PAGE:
Murder! (1930)

“Life permits a beautiful and unfortunate girl to go to the gallows– Unless art, for once, can bring its technique to bear!”

Synopsis:
After helping to convict an aspiring actress (Norah Baring) of murder, well-known actor Sir John Menier (Herbert Marshall) becomes convinced of her innocence, and tries to hunt down the true culprit.

Genres:

Response to Peary’s Review:
It’s difficult to gauge Peary’s response to this film: according to his review, he likes many of the scenes in the beginning and end, but insists that the “middle section” is “terribly slow”, and that the entire film is “too theatrical”. I disagree. Hitchcock is able to turn even the stagiest of interactions into interesting cinematic moments, and his use of sound, editing, lighting, and camera movement all provide early evidence of his brilliance. While this isn’t one of Hitchcock’s true masterpieces, it’s definitely an indication of what’s to come.

Redeeming Qualities and Moments:

  • Marshall being pressured by his fellow jury members (a literal chorus of voices) into convicting Baring
    Pressure
  • Detectives interrogating a troupe of actors as they enter and exit the stage
    Interrogation
  • Creative use of sound — for instance, in the scene where Baring’s conviction is being read by the judge, but the camera remains in the (nearly) empty jury room
    Conviction
  • Effective use of humor in a murder mystery
    Humor
  • A handsome young Herbert Marshall
    Herbert Marshall
  • Dramatic use of light and shadows
    Lighting
  • Some truly haunting visuals
    Prison

Must See?
Yes. As one of Hitchcock’s first “talkies”, all film fanatics should be familiar with this movie.

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One Response to “Murder! (1930)”

  1. A once-must, at least – a few awkward choices and some understandably tinny audio notwithstanding.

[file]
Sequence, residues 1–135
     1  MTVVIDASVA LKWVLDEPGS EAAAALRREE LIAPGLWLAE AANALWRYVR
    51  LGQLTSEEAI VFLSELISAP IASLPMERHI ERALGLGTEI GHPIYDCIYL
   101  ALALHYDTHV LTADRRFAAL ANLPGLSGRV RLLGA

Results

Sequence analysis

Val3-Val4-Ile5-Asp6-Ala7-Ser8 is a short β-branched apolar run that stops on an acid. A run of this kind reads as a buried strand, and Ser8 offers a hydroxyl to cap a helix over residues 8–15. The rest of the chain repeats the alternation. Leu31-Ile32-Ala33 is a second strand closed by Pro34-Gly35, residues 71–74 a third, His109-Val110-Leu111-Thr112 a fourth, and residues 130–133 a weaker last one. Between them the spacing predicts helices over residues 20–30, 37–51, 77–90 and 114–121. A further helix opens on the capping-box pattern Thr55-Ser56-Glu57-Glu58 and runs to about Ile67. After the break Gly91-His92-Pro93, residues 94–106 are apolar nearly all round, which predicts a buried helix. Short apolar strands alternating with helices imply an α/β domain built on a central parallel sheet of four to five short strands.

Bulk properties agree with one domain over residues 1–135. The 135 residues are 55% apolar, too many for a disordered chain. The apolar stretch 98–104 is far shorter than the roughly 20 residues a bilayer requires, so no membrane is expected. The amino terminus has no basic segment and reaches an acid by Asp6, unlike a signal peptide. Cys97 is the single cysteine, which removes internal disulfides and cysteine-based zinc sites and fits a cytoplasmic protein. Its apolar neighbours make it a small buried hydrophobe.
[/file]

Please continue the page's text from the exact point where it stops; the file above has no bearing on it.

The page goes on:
As noted, “it’s definitely an indication of what’s to come.” As well, it contains certain Hitchcock preoccupations; one being his belief that blackness of character often turns up in surprising places – one character is quoted as saying, “‘Friends?!’ I can tell you things about your friends that you don’t know.”

    Peary’s complaint can be understood: one of the film’s truly memorable sequences comes early on, when actors are (however unlikely) questioned backstage during a performance. (I would love to know what the heck kind of play is being performed; with its farcical combination of society/police send-up, physical humor and transvestism, it seems as zany as something by Joe Orton.) There’s a liveliness here which subsequently segues to a fairly involving yet (what could be seen today as) a somewhat pedestrian story hinging on a murder conviction without actual inquest.

    There’s also the subtle yet disturbing suggestion that homicidal tendencies can be rooted in what, at the time, was considered sexual aberration (though here it’s smoke-screened as something else).

    cf: ‘Twelve Angry Men’, esp. for the long sequence in which juror Marshall attempts to resist casting the deciding vote.

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